Moccassin Flower reduced

By David J. Hawke — Our local woodlots, meadows and wetlands have already been decorated with a wide variety of wildflower blossoms, and it's only going to get better.


About 160 species of herbaceous plants and woody plants have been attracting pollinators since late March (starting with skunk cabbage which begins flower production under the snow). By the end of June, more than 200 species will be available for your viewing pleasure.

Having a weird but wonderful dedication to recording the blooming dates of our local botany for the last 38 years, I find it interesting to review the trends of when a species pops open, and for how long. The spring bloomers have a real zig-zag track record as to first bloom, depending on whether the spring weather is warm and early, cold and late, wet or dry, filled with sunshine or shaded by endless cloud cover.

By example, red trillium blossoms have appeared as early as April 6 and as late as May 6. By the time we get to late May and early June, the start dates even out fairly consistently, becoming almost predictable. Herb Robert, a pretty pink geranium found in woodlots everywhere, appears May 25 (give or take a day or two), and yellow day lily opens June 5.

What do these variable dates mean in the concept of climate change? Not sure. Weather is one thing, climate is another. I have tried to graph blooming dates against growing degree days (fancy way of saying how warm and how fast the spring descended) but to no obvious pattern. Species such as coltsfoot and spring beauty seem to start their season just whenever they jolly well feel like it, regardless of rain, sun or cloud cover. Perhaps there is a correlation with blooming dates to a currently unidentified factor, just not obvious yet.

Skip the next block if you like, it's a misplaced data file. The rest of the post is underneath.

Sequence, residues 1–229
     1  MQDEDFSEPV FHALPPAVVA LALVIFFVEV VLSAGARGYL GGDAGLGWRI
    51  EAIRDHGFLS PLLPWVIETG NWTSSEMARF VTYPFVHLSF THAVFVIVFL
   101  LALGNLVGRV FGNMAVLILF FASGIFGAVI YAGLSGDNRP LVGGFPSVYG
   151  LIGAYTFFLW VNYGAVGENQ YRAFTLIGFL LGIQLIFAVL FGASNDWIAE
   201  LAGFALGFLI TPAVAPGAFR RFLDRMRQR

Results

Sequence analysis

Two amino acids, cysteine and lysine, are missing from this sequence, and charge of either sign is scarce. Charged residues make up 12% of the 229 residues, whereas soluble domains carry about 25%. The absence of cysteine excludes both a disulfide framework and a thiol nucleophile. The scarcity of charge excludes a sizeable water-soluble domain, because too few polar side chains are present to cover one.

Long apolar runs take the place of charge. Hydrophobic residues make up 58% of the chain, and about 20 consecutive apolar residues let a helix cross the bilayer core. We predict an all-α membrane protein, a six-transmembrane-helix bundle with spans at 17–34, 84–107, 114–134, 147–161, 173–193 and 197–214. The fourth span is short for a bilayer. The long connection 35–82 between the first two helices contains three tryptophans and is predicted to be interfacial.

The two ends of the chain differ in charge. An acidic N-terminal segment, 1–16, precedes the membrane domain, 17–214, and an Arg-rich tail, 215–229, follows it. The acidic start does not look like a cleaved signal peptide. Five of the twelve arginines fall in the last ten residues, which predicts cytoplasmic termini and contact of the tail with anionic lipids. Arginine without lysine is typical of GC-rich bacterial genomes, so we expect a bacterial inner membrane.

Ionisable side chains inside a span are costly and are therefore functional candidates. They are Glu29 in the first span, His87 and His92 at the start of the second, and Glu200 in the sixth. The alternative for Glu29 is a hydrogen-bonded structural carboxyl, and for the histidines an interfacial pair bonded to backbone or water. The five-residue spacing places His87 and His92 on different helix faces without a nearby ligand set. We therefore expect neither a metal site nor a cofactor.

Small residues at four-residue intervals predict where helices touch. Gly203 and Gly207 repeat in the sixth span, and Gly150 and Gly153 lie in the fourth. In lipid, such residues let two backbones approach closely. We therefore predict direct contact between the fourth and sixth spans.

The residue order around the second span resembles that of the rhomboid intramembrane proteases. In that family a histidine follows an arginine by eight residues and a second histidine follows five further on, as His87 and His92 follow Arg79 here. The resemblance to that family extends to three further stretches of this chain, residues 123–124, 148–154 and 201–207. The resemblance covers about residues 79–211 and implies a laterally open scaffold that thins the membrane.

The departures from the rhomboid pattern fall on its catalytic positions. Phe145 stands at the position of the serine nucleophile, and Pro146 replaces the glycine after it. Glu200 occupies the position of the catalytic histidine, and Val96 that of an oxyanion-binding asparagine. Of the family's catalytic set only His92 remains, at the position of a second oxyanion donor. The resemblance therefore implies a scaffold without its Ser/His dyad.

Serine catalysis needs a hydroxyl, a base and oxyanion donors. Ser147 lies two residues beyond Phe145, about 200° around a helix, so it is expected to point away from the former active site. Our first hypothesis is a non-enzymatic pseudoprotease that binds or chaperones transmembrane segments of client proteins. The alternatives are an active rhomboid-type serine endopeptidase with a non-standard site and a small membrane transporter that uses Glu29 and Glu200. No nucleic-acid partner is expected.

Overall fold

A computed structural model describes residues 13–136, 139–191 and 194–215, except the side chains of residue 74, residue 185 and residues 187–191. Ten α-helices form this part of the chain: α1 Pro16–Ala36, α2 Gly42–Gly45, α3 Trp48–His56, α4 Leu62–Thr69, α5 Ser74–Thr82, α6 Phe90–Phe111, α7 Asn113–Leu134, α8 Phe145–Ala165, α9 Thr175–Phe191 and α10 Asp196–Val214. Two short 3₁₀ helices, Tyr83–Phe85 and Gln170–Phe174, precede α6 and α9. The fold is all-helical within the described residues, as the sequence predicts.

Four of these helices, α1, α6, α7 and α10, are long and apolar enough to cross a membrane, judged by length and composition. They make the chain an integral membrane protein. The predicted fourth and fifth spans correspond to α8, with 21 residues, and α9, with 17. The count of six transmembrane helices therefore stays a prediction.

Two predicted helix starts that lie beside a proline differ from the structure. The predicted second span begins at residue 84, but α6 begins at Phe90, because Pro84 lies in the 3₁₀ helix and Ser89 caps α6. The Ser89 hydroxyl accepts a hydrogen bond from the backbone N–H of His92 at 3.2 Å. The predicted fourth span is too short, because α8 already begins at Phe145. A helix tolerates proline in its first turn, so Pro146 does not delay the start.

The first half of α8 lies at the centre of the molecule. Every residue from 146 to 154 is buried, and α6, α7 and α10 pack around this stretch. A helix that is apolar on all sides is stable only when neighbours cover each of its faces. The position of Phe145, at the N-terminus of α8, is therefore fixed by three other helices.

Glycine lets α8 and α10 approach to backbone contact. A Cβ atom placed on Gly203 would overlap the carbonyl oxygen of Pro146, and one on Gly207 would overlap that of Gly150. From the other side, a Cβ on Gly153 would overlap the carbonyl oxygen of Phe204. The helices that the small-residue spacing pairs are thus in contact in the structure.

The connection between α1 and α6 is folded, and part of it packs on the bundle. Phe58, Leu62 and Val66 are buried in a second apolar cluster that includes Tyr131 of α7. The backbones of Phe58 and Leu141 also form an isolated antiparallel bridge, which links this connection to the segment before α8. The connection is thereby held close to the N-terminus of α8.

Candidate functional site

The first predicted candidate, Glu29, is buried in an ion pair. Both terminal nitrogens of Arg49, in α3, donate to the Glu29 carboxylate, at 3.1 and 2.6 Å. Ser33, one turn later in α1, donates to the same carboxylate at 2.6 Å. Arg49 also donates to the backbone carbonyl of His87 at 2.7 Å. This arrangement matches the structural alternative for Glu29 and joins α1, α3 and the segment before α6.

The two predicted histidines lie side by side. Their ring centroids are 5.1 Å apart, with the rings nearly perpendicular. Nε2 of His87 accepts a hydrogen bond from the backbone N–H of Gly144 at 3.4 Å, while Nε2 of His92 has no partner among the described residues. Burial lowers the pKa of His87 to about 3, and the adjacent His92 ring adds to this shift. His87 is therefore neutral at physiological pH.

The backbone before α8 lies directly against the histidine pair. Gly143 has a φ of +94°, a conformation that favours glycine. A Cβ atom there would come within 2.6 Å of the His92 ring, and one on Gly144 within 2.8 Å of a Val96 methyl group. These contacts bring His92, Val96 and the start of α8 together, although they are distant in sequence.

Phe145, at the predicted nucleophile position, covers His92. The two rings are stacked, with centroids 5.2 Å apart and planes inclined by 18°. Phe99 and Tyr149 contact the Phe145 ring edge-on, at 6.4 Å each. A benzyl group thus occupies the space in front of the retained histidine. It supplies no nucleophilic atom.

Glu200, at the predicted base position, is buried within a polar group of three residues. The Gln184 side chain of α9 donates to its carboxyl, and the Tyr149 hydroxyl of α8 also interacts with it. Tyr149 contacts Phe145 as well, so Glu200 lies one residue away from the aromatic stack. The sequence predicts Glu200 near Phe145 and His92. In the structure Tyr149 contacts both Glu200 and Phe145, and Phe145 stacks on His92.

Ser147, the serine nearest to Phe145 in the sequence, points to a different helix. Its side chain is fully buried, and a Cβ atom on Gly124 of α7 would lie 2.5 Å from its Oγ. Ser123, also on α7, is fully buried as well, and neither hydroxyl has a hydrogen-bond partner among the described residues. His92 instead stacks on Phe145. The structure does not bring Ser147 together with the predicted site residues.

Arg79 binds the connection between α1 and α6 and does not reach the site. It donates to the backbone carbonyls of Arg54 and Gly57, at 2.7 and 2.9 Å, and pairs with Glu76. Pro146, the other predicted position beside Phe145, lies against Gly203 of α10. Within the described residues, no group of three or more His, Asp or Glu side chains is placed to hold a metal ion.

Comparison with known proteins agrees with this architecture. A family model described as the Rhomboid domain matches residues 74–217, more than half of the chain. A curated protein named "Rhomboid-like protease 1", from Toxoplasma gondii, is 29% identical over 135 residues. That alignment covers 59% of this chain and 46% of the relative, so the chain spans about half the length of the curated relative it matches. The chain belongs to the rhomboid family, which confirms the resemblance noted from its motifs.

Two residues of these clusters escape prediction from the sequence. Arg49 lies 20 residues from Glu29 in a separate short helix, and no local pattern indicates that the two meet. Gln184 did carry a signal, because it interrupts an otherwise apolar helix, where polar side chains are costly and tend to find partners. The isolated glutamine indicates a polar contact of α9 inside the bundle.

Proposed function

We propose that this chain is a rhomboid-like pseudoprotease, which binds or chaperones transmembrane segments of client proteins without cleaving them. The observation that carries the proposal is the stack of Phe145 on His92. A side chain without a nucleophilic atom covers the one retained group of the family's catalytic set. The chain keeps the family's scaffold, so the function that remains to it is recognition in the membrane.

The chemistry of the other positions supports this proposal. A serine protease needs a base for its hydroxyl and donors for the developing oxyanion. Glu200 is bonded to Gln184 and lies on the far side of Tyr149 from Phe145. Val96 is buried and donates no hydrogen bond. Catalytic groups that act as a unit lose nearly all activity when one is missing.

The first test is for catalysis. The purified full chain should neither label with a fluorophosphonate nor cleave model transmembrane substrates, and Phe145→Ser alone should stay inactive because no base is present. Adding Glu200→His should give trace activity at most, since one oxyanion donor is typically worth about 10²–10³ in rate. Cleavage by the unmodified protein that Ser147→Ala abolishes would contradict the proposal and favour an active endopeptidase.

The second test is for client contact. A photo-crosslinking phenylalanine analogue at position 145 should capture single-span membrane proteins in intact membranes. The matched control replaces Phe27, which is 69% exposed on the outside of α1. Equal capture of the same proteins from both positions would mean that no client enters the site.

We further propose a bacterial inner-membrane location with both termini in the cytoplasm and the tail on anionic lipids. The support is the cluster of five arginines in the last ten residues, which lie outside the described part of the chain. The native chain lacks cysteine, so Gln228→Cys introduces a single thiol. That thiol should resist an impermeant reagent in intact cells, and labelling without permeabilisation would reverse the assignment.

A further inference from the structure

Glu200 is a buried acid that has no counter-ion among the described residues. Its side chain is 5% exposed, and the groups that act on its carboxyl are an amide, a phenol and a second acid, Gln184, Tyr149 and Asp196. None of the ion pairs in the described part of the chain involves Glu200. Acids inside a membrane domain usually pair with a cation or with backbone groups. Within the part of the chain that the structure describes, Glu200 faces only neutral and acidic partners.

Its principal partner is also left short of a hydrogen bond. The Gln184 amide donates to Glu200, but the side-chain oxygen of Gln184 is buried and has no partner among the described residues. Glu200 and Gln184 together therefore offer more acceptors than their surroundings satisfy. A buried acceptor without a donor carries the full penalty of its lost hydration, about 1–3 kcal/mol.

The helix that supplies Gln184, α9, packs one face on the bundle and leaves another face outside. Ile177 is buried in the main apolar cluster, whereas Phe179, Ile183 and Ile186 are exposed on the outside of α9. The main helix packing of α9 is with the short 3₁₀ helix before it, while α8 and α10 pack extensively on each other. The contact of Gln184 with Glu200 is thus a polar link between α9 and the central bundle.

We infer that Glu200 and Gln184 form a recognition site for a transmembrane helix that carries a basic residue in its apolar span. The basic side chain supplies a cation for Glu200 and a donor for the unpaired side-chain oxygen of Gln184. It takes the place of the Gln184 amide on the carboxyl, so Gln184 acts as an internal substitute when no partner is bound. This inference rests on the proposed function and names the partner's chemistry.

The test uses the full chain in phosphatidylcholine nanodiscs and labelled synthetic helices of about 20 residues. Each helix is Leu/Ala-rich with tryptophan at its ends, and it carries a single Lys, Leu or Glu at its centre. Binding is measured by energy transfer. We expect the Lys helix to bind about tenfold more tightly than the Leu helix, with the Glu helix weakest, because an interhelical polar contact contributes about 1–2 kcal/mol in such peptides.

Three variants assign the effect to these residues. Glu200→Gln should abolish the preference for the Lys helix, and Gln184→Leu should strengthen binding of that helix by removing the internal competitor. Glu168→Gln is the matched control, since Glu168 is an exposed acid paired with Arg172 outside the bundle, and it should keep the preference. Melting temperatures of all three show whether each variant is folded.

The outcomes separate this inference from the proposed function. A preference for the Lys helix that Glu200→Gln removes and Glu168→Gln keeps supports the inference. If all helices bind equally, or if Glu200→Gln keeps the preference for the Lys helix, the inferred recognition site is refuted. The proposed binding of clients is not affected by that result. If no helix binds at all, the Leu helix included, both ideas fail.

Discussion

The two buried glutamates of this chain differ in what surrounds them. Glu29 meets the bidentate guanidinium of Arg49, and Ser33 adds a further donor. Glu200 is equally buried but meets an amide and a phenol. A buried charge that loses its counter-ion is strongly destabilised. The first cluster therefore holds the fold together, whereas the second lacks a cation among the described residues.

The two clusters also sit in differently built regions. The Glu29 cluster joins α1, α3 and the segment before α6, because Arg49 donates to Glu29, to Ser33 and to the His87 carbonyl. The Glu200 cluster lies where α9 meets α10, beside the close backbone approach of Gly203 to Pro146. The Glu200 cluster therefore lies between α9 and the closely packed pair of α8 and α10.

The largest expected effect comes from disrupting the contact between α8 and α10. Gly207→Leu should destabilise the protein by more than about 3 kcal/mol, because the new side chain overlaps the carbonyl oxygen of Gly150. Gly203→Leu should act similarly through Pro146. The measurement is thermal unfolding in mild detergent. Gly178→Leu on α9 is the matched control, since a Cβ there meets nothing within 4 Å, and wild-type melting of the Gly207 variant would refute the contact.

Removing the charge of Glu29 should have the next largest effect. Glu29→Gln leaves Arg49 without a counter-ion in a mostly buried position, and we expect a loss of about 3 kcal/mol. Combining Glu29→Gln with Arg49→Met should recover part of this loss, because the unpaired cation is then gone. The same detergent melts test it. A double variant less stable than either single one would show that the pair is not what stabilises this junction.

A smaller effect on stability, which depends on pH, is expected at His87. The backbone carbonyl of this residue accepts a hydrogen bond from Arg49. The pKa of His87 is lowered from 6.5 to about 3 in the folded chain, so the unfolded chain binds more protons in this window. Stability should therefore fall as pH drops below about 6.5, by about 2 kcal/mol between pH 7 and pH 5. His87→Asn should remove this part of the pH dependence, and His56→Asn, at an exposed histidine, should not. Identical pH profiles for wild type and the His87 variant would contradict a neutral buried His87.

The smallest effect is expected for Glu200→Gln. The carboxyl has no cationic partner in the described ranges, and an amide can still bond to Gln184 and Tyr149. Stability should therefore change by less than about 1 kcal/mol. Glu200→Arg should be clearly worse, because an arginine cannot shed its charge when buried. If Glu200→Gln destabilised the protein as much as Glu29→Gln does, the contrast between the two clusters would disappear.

Trying to make note of when a particular species appears on the landscape is both easy and challenging. The aforementioned red trillium and its cousin the white are unmistakable, often first noted while driving at 80 kph (note that reds open 24 hours ahead of the whites, always). Other species require a bit more groundwork, such as wild ginger with its blossoms laying right on the topsoil and under last fall's dead leaves. And some species like corn speedwell have the most minuscule blossoms (about 1mm), requiring a belly crawl on the lawn to see if they have opened or not.

Not everyone is interested in all the mundane and boring blooms, but a group of wildflowers that catches most everyone's attention is the orchids. With the Lake Simcoe area being home to 28 orchid species, armies of photographers and wildflower watchers comb the countryside each year in search of these elusive blossoms.

June is the month of preference for most of the orchids, although a few open up in May and a couple wait for late summer. Within the orchid clan are the lady's-slippers (ram's-head, stemless pink, yellow and showy), each sporting a most delicate and beguiling blossom. The method for their pollination is quite complex, with visiting insects required to navigate internal corridors and push through chamber doors, it's a wonder they get pollinated at all.

In fact, few orchid blossoms ever do get cross-pollinated, with a patch of say 10 plants having only one seed pod by the fall season. But inside that pod will be thousands of itty-bitty, teeny tiny seeds. However, of all those seeds, once dispersed by a dried and cracked pod to the wind and rain, only one or two will actually germinate.

Orchids need a very precise water regime, a very precise sun-shade ratio, a very narrow range of soil pH, and a very specific mycorrhizal fungus that can weaken the coating of the fallen seed and allow the new roots to begin. Thus finding an orchid is an awesome experience, a moment to be savoured.

It's one thing to appreciate a wildflower's colourful display, but to really get excited about these short-lived displays, take a magnifying loupe or macro camera lens and get real close and personal with a blossom. The variety of shape, colour, texture, and function will amaze you. Guaranteed.

Well, have to run, as just looked out the window and think I can see my first dame's rocket of the year. So exciting.

© 2018 David J. Hawke; This email address is being protected from spambots. You need JavaScript enabled to view it.